On Aug. 8, 1974, President Richard Nixon went on national TV to announce his resignation effective at noon Aug. 9. No president had ever been forced from the White House, because no political scandal had ever destroyed a president’s ability to lead the nation. Nixon’s Watergate scandal did.
This week, the 40th anniversary of Nixon’s departure, is a good time for reflection, because many Americans interested in political issues are too young to have experienced the shocking realization that their president lied to cover up wrongdoing. Yet they, like those among us who do remember, must contend with Watergate’s ugly and profound legacy of cynicism toward public office.
And so, especially to readers of the generation who get their news digitally and converse in social media hashtags:
When Nixon stepped down, to be replaced by Vice President Gerald Ford, he did not admit guilt or apologize. He didn’t say he was quitting to take responsibility for the debilitating scandal that began with a bizarre burglary of high-level Democrats by Republican operatives.
Instead, Nixon offered up with equal parts candor and calculation that he had lost political support in Congress. He was acknowledging that he expected to be impeached and removed from office. Fighting to save himself, he declared, would hurt the nation: “America needs a full-time president.”
The closest Nixon came to admitting culpability during his 15-minute Oval Office address was to express regret at the “injuries” he had caused. “I would say only that if some of my judgments were wrong, and some were wrong, they were made in what I believed at the time to be the best interest of the nation,” he said, reading from a script.
That antiseptic description of events seems unsurprising today because, unfortunately, we hear it frequently in politics. It’s the evasive answer to a hard question ― the non-apology apology. Mistakes were made. If I’ve offended anyone. Even three years after resigning, when grilled by British personality David Frost during a series of TV interviews, Nixon struggled to confess. The closest he got was admitting, “I let down the country.”
This gets at the crux of Watergate’s lasting impact: how a deceitful president obliterated trust in high office. By corrupting the presidency, Nixon destroyed an assumption about leadership and how people in authority should behave. There had been scandals previously, but nothing on this scale. And his guilt was evident because his complicity in the cover-up was caught on tape ― by a recording system he had installed in the White House.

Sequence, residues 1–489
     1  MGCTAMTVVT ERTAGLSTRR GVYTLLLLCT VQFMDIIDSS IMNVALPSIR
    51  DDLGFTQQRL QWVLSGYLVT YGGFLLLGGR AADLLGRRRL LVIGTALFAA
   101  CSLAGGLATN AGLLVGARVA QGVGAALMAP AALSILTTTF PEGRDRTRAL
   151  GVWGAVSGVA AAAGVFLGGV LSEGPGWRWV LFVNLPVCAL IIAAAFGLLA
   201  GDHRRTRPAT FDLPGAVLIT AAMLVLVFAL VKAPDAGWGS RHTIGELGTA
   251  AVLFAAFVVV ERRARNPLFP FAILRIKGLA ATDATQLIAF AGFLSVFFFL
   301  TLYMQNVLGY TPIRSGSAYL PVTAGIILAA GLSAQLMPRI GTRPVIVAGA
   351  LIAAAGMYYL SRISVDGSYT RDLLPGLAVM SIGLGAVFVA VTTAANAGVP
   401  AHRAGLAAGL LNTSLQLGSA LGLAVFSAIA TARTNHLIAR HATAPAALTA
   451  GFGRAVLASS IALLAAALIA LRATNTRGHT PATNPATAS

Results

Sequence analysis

What actually happened was this: In May and June 1972, at the time Nixon was running for re-election, members of his campaign committee bankrolled a strange criminal escapade as part of what became known as a Republican “dirty tricks” campaign. A motley crew of five burglars, including several Cuban exiles and former CIA agent James McCord, were tasked with breaking into and bugging the Democratic National Committee headquarters at the Watergate complex in Washington, D.C. They bungled the assignment, were arrested during their second burglary, and soon were connected to the Committee for the Re-Election of the President, notoriously mocked as CREEP. The trail of crumbs led straight to the White House.
In the end, dozens of Nixon aides and others would be implicated or convicted of Watergate-related crimes such as obstruction of justice, perjury and conspiracy. As details of the scandal leaked and tumbled out over a two-year period, Nixon denied knowledge of any illegal activity. He was lying. There is no evidence he knew about the break-ins in advance, but he soon became aware and actively participated in subterfuge to contain and derail investigations.
Nixon held out hope he could save his presidency even into the summer of 1974, until he lost a Supreme Court ruling and was forced to release transcripts of White House recordings. Among them was the so-called “smoking gun” conversation in which he plotted to persuade the CIA to persuade the FBI to tamp down its investigation.
Part of the credit for Nixon’s downfall goes to two Washington Post reporters and to other journalists who bravely pursued the story. In that we have a silver lining and another legacy of Watergate: the recognition that our open system of government is flawed but ultimately self-correcting, especially because of our vigorous free press. Today, in the digital era, it’s all the more vigorous.
What does it all mean?
You could say Watergate represents one point on a continuum in which Americans became more skeptical and questioning of authority. Opposition to the Vietnam War already had pushed Nixon to end it. Maybe the nation previously had been too trusting, and the duopoly of war and Watergate delivered a necessary correction. By that light, we’d be the better for it all.
But there’s a difference between skepticism, which is healthy, and cynicism, which corrodes. Interestingly, Nixon acknowledged this in his conversation with Frost. “I let down our system of government ― dreams of all those young people that ought to get into government that will think it’s all too corrupt,” he said.
It’s not a far leap from there to the world we live in today, where ugliness in politics abounds, and where it’s too often smart to assume the worst, not the best.
This is the lesson Nixon taught the generation of Americans who remember August 1974. The lesson he bequeathed to their children and grandchildren as well.
(MCT Information Services)